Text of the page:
Europe’s migration crisis 

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Refugees arrive on the shores of the island of Lesbos after crossing the Aegean sea from Turkey ©UNHCR/Achilleas Zavallis  

In recent years, Europe has had to respond to the most serious migratory challenge since the end of World War II. Read on to learn more.

The record migratory flows to the EU witnessed in 2015 and 2016 have subsided: 116,647 people reached Europe by sea in 2018, compared to more than one million in 2015. The Mediterranean crossing remained deadly however, with 2,277 dead or missing in 2018, compared to 3,139 a year earlier. The influx of migrants and asylum seekers to Europe has shown the need for fairer and more effective European asylum and migration policies.

Migration in numbers

In recent years, people have been fleeing to Europe in large numbers from conflict, terror and persecution in their own countries. Of the 333,355 asylum seekers granted protection status in the EU in 2018,, over a quarter came from war-torn Syria, with Afghanistan and Iraq in second and third place respectively. In all of these countries civilians face threats due to armed conflict, human rights violations, or persecution..


In 2017, 258 million people (or one in 30) worldwide were living outside their country of birth. Within the EU, there are 57 million people (11% of the EU population) who were born in another country to the one they live in. Of these, roughly 20 million came from another EU country, while about 37 million were born outside the EU.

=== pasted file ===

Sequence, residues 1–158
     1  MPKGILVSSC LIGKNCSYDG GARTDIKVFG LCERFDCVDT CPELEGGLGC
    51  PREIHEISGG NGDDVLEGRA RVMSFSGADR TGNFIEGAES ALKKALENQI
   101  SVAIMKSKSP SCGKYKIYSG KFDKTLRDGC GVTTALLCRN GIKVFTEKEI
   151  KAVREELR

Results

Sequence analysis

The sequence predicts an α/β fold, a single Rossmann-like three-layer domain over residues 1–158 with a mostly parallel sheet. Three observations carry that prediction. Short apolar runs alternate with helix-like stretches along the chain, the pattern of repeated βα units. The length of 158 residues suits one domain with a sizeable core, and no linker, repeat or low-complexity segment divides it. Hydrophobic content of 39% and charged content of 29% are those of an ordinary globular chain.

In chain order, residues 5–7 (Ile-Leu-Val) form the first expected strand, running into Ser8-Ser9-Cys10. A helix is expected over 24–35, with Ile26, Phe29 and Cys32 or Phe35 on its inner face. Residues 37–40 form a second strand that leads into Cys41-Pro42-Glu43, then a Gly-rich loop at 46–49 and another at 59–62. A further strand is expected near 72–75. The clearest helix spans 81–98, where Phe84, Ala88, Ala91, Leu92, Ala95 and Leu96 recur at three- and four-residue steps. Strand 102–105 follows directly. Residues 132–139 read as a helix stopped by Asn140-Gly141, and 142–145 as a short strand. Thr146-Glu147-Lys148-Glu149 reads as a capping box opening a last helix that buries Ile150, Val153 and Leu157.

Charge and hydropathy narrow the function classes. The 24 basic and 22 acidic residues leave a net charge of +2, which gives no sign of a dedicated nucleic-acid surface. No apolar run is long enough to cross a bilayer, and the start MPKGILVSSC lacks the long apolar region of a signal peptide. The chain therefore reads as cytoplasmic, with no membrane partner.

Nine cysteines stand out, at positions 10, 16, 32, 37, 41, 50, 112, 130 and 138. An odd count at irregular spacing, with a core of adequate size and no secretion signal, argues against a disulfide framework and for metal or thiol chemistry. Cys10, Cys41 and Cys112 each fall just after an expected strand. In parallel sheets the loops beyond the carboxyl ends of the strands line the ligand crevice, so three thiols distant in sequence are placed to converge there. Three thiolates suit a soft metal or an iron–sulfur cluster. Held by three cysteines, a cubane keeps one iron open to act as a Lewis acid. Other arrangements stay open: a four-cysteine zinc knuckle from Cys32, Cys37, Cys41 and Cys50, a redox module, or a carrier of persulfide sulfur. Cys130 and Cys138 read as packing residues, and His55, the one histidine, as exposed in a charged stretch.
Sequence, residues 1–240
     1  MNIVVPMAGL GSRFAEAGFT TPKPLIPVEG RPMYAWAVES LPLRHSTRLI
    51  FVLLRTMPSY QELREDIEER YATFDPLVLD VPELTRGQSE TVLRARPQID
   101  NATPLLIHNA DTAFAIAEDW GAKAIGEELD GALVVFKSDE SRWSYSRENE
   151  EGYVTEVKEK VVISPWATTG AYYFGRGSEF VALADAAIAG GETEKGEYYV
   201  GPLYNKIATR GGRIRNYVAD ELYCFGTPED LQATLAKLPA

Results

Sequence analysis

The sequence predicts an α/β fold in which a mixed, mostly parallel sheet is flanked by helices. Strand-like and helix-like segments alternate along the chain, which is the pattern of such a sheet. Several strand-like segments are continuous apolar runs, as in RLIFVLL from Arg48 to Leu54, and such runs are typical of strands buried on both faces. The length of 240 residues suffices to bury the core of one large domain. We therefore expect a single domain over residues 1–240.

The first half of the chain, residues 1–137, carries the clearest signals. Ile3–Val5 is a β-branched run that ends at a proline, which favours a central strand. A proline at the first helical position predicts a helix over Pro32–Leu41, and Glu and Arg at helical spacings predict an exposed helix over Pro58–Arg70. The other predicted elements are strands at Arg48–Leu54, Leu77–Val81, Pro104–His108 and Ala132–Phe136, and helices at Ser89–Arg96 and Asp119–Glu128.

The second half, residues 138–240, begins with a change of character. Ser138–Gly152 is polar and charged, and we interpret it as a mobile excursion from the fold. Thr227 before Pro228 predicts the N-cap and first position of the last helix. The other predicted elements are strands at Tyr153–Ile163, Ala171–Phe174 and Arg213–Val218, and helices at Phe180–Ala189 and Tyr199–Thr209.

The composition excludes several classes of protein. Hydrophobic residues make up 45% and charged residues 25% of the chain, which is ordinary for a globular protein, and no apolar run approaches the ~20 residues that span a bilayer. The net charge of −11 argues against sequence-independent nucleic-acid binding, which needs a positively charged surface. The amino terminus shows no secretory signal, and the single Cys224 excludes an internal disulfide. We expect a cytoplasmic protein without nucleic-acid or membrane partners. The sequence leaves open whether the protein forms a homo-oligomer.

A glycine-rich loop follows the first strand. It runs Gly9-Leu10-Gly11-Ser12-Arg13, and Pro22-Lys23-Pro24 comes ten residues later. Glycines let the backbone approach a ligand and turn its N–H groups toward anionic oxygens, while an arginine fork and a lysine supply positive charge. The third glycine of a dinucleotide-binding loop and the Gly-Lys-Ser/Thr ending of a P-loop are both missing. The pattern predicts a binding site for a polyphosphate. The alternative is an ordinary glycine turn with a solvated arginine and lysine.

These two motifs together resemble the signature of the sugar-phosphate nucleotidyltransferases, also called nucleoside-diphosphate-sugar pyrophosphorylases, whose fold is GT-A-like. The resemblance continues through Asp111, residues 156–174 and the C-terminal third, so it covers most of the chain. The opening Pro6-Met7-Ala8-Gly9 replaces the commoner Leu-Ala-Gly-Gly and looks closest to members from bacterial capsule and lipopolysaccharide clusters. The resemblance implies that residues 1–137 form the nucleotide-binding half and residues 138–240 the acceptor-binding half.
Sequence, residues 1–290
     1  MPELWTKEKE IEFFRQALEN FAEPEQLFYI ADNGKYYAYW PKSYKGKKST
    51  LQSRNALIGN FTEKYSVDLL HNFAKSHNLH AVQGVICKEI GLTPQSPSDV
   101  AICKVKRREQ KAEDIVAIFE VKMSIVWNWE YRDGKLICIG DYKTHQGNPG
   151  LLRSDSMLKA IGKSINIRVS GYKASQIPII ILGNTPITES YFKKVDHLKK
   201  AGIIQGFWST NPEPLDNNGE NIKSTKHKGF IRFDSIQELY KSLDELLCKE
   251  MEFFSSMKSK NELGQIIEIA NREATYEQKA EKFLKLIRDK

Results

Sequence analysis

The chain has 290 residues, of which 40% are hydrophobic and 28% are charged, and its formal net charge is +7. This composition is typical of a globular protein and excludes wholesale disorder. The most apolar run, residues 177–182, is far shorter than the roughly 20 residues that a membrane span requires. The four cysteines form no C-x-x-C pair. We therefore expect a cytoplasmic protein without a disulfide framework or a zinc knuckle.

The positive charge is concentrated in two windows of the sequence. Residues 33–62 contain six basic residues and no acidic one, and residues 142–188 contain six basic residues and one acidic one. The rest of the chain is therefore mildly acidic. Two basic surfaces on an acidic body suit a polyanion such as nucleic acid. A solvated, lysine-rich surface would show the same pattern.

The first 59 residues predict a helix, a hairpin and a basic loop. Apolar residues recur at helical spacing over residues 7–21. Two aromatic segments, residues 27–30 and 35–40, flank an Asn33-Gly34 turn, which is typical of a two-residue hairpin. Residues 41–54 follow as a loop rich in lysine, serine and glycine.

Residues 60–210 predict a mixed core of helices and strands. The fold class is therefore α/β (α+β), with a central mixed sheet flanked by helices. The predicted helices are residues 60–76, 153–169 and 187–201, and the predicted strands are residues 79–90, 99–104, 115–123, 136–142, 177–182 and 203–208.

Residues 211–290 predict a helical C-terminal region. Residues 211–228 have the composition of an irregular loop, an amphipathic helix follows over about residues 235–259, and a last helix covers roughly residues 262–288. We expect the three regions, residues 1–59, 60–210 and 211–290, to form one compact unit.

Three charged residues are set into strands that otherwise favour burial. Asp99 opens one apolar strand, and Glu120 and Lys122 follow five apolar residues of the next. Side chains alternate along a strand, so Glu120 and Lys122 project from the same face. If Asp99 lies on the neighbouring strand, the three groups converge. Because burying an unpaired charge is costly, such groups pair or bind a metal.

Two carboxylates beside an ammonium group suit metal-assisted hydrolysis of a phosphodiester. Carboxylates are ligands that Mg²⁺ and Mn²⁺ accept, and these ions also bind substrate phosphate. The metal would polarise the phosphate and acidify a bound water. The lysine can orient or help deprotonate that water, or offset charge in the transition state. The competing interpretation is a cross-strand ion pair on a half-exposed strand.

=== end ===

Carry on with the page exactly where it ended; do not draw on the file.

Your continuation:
Read our facts and figures page for precise data on who the asylum seekers and migrants who come to Europe are, how many applied for asylum and received it, how many people were denied entry to the EU and what financial steps the EU is taking to deal with migration.

EU response to the migrant crisis

Europe’s migration challenge has exposed shortcomings in the Union’s asylum system. In November 2017, MEPs confirmed a mandate for inter-institutional negotiations with EU governments on an overhaul of the Dublin rules, which determine the EU country responsible for processing applications for international protection.


However, EU governments have been unable to reach a position on the proposals so talks have yet to begin between Parliament and the Council.


Parliament also took part in preparing new measures to manage illegal immigration, tighten border controls as well as implement a more effective system of collecting and storing information about people entering the EU.

Read our guide on the EU response to the migration challenge.